It’s a terrible waste. I am sure Gove will be brilliantly effective in his new role but his talent for policy will surely be missed. Will Nicky Morgan, his successor and Osborne apparatchik continue with his reforms or will they be shelved in yet another move to placate an outdated and introspective trade union, it all smacks of ‘In Place of Strife’!
William Hague was another departure yet I’m not lamenting this, a highly intelligent man I always felt he was wasted in the Foreign Office in an age where the Prime Minister focuses more on global and less on domestic issues. Announcing his intention to stand down and probably pursue a far more rewarding career, could we see him doing a Portillo? Maybe touring around Yorkshire in a hot air balloon for ITV? Or perhaps in a cameo in Brangelina’s next blockbuster? My old favourite Quentin Letts assures us all that he is back in his element as Leader of the Commons where he will be able to enjoy himself in a more junior cabinet post, letting him indulge in deliciously-wicked despatch box banter.
Max Hastings summed up his replacement Philip ‘The Hamster’ Hammond well: an accountant who displays the warmth of an undertaker and less personality than most laptops. He is a shrewd operator though, and I will watch his tenure in the office with interest, especially on his stance towards the EU.
My political hero, Ken Clarke, has finally gone but what a career! His balance and advice will be missed but, in the words of Francis Urquhart, ‘Nothing lasts forever…’. I hope that he will still be a vocal voice from the back benches and continue to offer his refreshing approach to the European debate and the financial approach of this government.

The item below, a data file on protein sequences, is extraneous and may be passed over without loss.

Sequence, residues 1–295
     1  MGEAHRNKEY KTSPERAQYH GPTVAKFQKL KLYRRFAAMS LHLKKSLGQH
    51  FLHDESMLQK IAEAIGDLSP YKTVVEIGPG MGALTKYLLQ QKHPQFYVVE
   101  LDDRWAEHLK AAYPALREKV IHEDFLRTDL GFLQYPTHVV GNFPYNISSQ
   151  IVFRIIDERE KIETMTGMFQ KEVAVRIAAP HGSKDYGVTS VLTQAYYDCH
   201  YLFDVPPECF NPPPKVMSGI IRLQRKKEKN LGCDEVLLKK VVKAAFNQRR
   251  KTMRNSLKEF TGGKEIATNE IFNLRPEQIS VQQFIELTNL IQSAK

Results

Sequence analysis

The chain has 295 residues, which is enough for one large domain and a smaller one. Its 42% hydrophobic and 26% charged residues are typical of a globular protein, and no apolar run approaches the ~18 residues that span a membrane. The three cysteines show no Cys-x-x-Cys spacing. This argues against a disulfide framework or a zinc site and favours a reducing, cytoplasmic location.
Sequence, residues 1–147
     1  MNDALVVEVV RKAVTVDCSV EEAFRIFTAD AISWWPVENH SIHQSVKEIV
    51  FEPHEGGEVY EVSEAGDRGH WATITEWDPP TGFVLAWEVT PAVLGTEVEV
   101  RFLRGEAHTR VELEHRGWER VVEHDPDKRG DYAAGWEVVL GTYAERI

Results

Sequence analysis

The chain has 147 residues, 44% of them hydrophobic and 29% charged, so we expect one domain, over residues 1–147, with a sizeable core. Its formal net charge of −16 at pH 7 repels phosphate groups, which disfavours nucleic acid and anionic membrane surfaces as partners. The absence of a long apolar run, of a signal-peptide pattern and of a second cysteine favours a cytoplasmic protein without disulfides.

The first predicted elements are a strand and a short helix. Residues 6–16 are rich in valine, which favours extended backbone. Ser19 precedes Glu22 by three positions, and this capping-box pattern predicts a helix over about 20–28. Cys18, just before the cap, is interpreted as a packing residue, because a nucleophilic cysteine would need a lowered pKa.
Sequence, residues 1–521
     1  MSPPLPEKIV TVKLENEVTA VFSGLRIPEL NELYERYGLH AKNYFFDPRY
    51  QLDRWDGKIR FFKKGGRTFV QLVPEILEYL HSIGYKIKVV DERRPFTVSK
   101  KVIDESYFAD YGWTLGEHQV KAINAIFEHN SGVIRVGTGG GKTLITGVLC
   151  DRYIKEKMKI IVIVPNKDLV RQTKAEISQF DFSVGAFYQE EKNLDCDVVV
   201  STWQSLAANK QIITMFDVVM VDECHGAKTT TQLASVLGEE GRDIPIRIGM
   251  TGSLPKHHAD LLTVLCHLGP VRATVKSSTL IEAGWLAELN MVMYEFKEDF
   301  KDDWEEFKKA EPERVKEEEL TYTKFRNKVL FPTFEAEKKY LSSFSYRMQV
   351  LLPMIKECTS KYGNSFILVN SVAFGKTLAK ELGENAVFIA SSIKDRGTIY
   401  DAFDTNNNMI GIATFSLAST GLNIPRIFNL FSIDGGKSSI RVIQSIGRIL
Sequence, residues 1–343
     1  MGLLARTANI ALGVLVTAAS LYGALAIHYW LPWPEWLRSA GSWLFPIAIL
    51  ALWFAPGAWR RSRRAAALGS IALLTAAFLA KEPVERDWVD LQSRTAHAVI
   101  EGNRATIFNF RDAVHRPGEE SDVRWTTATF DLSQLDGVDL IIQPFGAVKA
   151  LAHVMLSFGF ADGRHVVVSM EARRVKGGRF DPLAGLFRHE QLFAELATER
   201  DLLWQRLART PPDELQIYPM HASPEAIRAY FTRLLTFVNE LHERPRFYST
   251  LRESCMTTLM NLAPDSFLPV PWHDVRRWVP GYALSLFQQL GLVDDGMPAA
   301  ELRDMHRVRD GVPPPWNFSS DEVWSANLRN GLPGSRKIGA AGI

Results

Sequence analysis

Owen Paterson was much lamented, he’d done a good job and was on top of his brief. Alas, his right-wing stance seemed rather distasteful to our dear leader and his ruddy, man-from-the-shires look seemed woefully out of touch with focus group findings. He might be gone but I can see him making quite a stink from the back benches, especially as he will now be able to exercise free-rein over his anti-European views.
Of course I could go on and one, but I cannot cover all the changes in such great detail otherwise the blog would stretch to pages and pages of text, but I do think that the appointment of Michael Fallon was a master-stroke. One of the Government’s most media-savvy performers, his performances at the hands of the BBC attack dogs are always entertaining and his stonewalling is a lesson in departmental discretion. A staunch right-winger the Defence brief seems suited to him and I look forward to more passive aggressive performances on the goggle-box in the coming year.
Summing up, I don’t buy this silly ‘Pale and Male’ argument that is being bandied around in some quarters. Perhaps there was some element of positive discrimination but who cares? The Proof will be in how well they perform and, until I see all the new appointments in action, I cannot possibly pass judgment on their ability to do the job.
The most important thing now is to get behind the party to ensure that we edge over the line in 2015, if we in the party keep sniping internally we’ll get nowhere. One thing is for sure, we must at all costs stop the heir to Michael Foot, Ed Miliband with his brand of concrete and breeze block politics getting anywhere near Downing Street. It will be an exciting battle, but I believe we can do it, and, as much as it pains a large section of the party, we need to get behind this new cabinet and offer our support to ensure we get that majority next year.